As we assess the current economic climate of double-dip recessions and soaring consumer debt, it is important to start addressing the issues that afflict consumers and businesses. In particular, it would appear that the current generation of workers and consumer spenders have a critical lack of awareness when it comes to the basic principles of economics, the social science which governs the production, distribution and demand of a specific product. With this in mind, there would be immediate benefits to teaching this subject in high school as a matter of course rather than of student choice.
TUTORIAL: Economics Basics: Introduction
Reducing Consumer Debt
Although consumer debt remained fairly steady throughout 2010, the total still stood at approximately $2,400 billion throughout the whole of the U.S. With this equating to nearly $7,800 per individual citizen of the U.S., there is now a pressing need to tackle the lack of financial knowledge so that this issue can be resolved. Teaching economics would be a long term plan to achieve this, as it would help to encourage financial awareness and responsibility amongst consumers.
While mathematics has undeniable value amongst foundation and elementary level students, a more practical application of these principles would be better suited to an advanced learning program. So students could learn about the economic elements of supply and demand, cost, and budgeting in order to develop a greater understanding of personal finance and become responsible consumers of the future. (To learn more about how to deal with personal finance, check out: Run Your Personal Finances Like A Business.)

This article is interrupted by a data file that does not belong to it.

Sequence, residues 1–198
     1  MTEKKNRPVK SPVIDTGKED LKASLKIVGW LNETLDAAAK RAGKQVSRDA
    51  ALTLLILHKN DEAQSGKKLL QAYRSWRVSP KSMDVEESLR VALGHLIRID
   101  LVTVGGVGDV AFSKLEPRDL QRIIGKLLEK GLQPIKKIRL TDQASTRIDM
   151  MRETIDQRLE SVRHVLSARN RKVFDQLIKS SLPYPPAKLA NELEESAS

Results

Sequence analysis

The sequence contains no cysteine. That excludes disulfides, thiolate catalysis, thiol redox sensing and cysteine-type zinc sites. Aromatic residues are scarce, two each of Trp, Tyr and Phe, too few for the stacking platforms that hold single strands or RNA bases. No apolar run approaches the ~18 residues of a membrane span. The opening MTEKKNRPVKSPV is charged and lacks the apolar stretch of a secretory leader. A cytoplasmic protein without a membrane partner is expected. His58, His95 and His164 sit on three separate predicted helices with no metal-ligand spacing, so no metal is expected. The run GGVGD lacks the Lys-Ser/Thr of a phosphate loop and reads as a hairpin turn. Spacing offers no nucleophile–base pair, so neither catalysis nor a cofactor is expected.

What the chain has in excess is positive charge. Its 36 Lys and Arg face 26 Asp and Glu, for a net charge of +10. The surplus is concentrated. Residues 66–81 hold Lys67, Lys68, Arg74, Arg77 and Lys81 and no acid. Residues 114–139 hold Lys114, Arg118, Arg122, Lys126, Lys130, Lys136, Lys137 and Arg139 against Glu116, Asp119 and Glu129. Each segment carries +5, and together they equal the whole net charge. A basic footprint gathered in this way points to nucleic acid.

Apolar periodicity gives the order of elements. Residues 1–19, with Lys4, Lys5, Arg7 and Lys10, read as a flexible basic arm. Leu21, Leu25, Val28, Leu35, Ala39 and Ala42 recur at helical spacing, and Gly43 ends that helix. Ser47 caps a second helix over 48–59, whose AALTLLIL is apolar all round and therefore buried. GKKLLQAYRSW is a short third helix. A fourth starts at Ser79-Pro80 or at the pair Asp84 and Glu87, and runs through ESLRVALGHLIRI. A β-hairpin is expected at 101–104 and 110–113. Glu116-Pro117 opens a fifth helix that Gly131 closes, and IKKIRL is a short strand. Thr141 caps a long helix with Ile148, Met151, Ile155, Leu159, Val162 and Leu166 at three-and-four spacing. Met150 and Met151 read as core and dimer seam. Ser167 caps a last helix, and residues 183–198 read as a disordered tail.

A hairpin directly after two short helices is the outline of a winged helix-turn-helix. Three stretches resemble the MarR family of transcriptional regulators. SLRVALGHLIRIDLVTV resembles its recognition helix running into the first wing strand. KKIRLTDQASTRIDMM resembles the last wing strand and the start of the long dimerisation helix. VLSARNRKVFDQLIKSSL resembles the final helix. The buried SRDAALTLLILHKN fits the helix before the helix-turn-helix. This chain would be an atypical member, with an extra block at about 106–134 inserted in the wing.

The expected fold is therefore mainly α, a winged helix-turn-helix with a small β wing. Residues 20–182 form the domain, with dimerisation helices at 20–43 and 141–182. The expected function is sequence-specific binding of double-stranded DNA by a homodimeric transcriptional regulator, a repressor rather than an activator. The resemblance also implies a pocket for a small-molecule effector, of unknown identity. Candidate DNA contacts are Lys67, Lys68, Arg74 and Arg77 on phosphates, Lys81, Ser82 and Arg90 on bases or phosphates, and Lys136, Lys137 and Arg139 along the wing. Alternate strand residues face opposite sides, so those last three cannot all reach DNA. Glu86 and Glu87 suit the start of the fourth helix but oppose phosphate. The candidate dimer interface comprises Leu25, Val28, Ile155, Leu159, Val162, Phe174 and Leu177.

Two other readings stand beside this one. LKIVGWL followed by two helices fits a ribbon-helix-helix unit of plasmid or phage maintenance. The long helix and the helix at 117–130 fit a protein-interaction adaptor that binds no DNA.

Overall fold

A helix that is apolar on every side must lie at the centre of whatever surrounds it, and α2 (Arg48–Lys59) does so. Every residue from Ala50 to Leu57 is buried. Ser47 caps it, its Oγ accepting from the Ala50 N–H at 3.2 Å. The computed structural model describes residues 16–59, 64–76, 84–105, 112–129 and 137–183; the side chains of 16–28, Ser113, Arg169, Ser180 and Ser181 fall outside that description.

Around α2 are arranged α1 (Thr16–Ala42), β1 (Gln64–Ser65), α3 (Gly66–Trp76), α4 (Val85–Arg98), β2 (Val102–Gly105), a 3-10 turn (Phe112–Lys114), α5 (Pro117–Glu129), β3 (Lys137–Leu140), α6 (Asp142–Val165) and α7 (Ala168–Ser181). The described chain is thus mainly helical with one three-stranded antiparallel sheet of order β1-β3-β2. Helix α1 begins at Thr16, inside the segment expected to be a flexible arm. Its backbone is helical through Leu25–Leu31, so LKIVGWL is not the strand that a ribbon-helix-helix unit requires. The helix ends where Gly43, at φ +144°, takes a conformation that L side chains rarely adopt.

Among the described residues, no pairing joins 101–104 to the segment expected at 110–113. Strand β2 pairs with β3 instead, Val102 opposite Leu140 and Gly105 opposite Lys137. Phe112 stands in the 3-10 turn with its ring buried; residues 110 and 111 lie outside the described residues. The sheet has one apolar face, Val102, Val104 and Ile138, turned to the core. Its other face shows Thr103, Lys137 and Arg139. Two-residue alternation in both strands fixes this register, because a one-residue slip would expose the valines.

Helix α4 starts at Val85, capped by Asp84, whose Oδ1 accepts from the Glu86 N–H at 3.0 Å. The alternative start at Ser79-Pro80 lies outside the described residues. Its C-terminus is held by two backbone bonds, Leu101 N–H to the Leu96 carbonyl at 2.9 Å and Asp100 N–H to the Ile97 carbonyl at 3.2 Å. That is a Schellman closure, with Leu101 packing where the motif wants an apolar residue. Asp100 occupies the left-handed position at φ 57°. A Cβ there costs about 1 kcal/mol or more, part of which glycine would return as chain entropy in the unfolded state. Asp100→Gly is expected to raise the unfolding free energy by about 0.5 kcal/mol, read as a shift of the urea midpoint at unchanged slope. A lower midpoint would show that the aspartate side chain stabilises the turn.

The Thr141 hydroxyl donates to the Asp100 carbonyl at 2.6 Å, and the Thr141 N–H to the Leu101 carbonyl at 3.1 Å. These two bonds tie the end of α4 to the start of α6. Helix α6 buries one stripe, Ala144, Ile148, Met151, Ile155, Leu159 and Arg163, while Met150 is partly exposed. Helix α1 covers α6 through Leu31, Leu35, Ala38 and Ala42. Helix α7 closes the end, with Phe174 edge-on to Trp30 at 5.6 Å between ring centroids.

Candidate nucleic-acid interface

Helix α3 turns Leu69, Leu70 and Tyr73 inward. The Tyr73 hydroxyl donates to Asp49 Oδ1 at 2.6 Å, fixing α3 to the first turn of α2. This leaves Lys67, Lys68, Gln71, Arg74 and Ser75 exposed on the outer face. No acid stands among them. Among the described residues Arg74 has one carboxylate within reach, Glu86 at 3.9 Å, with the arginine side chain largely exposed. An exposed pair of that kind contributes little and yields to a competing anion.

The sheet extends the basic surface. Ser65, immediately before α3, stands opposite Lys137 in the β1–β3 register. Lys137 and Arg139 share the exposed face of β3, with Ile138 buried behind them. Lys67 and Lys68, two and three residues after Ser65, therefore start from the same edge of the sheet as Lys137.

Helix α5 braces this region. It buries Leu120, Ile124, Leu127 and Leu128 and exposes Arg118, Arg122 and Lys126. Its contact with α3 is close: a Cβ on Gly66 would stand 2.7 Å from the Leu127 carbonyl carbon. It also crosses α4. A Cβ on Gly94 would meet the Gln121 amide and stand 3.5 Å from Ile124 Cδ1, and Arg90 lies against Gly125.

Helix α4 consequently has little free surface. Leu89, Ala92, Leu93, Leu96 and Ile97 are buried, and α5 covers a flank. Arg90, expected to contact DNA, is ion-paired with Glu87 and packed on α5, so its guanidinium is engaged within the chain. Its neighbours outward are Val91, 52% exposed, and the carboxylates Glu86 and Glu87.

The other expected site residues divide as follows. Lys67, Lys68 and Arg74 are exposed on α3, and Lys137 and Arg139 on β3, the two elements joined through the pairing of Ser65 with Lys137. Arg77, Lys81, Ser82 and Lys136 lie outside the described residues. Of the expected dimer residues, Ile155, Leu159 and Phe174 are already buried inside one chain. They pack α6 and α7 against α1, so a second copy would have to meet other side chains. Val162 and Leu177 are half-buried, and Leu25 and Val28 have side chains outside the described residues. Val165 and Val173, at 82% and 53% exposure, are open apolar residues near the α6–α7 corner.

Encouraging Students into Prosperous Job Markets
There is a worrying gap between the expectations and ambitions of students and the current employment market, and this is a global issue rather than a national one. For example, just 2.4% of surveyed teenagers in the U.K. see the environmental industry as something that interests them, and yet this is one of the significant growth industries of 2011. The financial services sector is also experiencing growth, so why not teach economics to pique students' interest and help them towards informed career decisions?
Not only does the financial services market require employees with a sound and detailed knowledge of economics, but the skills afforded by this type of education would help to equip students for the world of work and reduce unemployment forecasts and figures. While no single individual can be forced into a career against their will, it is the duty of schools and parents to educate youngsters and encourage them along the paths that will lead to viable employment opportunities.
Creating an Informed and Calm Response to Recession
Despite the omnipresent threat to the U.S. economy that is recession, consumers and businesses still have an unfortunate habit of panicking and making snap cost cutting decisions the moment that economic growth stalls. This is caused by a lack of fundamental knowledge and education on the features of economics, which causes people to develop misconceptions and ultimately hinder economic growth even further through a lack of investment in either product or services.
Teaching economics as a core high-school subject would solve this problem, as a wider base of knowledge and understanding would benefit both business owners and the public alike. While small to medium business owners would have better comprehension of their own organization and be able to react in a more measured fashion, consumers would be able to budget more efficiently and continue to invest reduced but significant sums back into a afflicted and recession hit economy. (To gain more knowledge about recession, read 4 Characteristics Of Recession - Proof Companies.)
The Bottom Line
Knowledge breeds assurance, both with regards to our own abilities and the wider set of external circumstances, so teaching economics to high-school students would create a far more prosperous economy for all. Not only this, but it would be a small but vital step towards breaking the cycle of boom and bust, and help to maintain a constant if occasionally restricted period of growth.